Moral of the story? When somebody tells you the store is run by an anarchist collective, heed that warning.

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Snobbery is its own punishment dept.

Here’s an amusing (in a sour kind of way) item on fantasy author Terry Pratchett and the “problem” his popularity caused at a recent Washington D.C. literary festival, noted in the winter issue of The Author and picked up by Ansible:

He ‘had a queue of fans stretching round the block; the poets weren’t so lucky. The organisers “were absolutely desperate for my signing queue to finish — ‘you mustn’t have it sticking out of the tent because it upsets the poets’,” Pratchett says. “We all made our decisions, they chose poetry, I can’t help it. There’s another 600 people in the queue, what do you think would happen if I put my pen down?”‘

Goodness gracious, those poor versifiying dears, dying a little inside every time they saw the line of readers waiting to get autographs from a mere fantasy writer. O the horror, the horror, of the poet’s life in a realm of crass commerce. Doesn’t your heart go out to them?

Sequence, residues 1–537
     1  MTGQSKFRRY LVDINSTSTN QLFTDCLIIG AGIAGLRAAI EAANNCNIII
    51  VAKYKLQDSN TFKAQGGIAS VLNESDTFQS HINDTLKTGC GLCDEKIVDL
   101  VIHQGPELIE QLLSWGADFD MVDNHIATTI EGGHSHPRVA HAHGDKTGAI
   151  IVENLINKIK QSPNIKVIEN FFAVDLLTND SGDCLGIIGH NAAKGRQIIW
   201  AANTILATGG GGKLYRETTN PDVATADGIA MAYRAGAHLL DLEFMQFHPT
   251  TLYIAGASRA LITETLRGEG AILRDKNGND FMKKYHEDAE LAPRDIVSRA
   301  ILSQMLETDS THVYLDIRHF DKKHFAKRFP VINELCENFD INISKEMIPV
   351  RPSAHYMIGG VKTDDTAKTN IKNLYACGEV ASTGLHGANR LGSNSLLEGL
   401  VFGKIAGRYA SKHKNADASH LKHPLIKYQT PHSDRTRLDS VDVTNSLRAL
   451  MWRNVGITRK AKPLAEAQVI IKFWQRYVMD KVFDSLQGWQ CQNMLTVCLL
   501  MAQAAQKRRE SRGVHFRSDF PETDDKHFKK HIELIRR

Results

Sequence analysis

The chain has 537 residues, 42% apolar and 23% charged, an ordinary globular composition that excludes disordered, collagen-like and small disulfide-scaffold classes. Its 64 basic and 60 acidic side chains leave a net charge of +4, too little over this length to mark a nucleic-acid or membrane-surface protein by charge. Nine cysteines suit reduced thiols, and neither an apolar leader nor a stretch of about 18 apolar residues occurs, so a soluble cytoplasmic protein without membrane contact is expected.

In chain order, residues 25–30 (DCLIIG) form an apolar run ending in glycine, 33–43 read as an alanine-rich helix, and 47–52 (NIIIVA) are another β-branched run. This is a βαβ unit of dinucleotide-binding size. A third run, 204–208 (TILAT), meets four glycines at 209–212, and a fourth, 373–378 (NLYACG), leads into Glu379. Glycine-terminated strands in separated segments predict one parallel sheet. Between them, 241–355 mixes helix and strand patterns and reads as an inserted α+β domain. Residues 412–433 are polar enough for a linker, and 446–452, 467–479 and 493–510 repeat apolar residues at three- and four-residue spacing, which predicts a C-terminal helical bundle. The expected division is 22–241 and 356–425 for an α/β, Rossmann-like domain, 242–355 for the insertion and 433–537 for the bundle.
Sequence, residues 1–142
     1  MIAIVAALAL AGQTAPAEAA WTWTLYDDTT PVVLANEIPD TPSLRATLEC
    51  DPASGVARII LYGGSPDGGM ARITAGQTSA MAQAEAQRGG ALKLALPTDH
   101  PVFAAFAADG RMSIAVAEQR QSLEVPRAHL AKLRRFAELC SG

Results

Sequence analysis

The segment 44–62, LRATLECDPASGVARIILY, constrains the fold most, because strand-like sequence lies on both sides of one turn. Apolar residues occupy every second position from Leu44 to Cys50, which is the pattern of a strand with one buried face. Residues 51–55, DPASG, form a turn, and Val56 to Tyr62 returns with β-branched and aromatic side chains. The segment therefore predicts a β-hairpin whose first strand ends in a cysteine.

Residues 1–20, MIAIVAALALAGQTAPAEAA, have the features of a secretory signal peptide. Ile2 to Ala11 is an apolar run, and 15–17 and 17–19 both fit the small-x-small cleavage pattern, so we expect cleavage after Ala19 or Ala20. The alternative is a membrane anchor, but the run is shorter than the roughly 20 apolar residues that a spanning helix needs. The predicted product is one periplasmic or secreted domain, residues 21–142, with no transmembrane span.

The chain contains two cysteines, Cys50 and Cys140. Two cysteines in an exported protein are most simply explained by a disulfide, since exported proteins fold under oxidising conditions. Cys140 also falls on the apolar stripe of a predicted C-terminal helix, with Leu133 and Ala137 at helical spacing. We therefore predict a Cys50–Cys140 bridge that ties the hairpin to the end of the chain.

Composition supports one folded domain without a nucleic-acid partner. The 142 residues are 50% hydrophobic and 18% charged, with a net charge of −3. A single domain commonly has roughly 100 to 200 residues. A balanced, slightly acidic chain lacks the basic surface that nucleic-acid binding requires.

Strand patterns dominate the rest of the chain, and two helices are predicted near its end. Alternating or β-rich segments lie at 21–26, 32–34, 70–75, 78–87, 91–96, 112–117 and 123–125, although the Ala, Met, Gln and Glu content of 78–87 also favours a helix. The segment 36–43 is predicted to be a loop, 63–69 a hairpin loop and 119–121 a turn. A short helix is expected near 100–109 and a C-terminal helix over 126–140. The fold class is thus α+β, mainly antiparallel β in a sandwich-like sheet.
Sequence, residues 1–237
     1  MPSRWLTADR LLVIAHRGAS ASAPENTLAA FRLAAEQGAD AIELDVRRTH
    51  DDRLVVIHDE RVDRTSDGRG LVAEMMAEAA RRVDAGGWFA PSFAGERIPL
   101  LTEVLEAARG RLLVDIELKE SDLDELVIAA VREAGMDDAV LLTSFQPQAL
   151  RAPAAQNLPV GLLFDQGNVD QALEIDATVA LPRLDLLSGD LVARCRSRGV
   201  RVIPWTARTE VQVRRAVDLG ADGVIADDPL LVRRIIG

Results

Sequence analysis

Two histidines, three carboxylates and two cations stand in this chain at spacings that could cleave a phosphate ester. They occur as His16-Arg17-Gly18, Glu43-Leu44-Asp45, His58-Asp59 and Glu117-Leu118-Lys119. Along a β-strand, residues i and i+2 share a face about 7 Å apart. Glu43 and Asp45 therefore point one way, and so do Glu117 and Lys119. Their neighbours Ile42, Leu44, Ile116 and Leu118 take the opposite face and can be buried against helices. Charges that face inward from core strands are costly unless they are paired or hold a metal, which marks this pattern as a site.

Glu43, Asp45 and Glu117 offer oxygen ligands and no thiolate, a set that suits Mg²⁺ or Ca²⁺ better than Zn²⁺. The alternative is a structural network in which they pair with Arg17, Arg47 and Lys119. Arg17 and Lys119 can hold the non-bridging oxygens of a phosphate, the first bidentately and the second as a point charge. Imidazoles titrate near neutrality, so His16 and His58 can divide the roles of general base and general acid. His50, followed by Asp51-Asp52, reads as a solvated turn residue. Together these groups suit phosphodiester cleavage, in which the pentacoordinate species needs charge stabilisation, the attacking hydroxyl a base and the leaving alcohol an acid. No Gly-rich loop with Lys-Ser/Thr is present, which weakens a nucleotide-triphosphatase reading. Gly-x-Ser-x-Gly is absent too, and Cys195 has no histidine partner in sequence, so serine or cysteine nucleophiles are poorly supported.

organ-grinder2No, actually, it doesn’t. When I write, I write, and when I hustle, I hustle, and if you aren’t at a literary festival to hustle your book, then exactly why are you there? If I were sharing festival space with a bigfoot like Terry Pratchett, you can bet I’d be out there with a sandwich board and a bell, or a barrel organ and a monkey on a chain, telling the people on line that Pratchett is great but man does not live by Discworld alone. Yeah, a lot of the people on line may have been fantasy nerds who wouldn’t dream of buying something without a dragon on the cover, but not all of them were. In a world dominated by non-readers, anybody who cares enough about reading to come out to a book fair is somebody worth getting to know. If you’re at a book festival where 600 people are lined up to see somebody else, then that just means you have 600 opportunities to make a connection with somebody who’s never heard of you. Unless you’re a snob about mingling with such people, in which case I have no sympathy for you at all. Snobbery is its own punishment.